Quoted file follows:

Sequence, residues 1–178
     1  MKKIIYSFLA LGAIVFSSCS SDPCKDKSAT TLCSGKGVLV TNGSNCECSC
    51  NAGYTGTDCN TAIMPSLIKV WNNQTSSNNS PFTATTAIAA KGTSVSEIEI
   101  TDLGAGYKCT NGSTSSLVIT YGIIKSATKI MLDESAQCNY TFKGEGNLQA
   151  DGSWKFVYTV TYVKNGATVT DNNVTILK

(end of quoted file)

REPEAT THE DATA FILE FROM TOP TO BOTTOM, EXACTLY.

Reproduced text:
Sequence, residues 1–178
     1  MKKIIYSFLA LGAIVFSSCS SDPCKDKSAT TLCSGKGVLV TNGSNCECSC
    51  NAGYTGTDCN TAIMPSLIKV WNNQTSSNNS PFTATTAIAA KGTSVSEIEI
   101  TDLGAGYKCT NGSTSSLVIT YGIIKSATKI MLDESAQCNY TFKGEGNLQA
   151  DGSWKFVYTV TYVKNGATVT DNNVTILK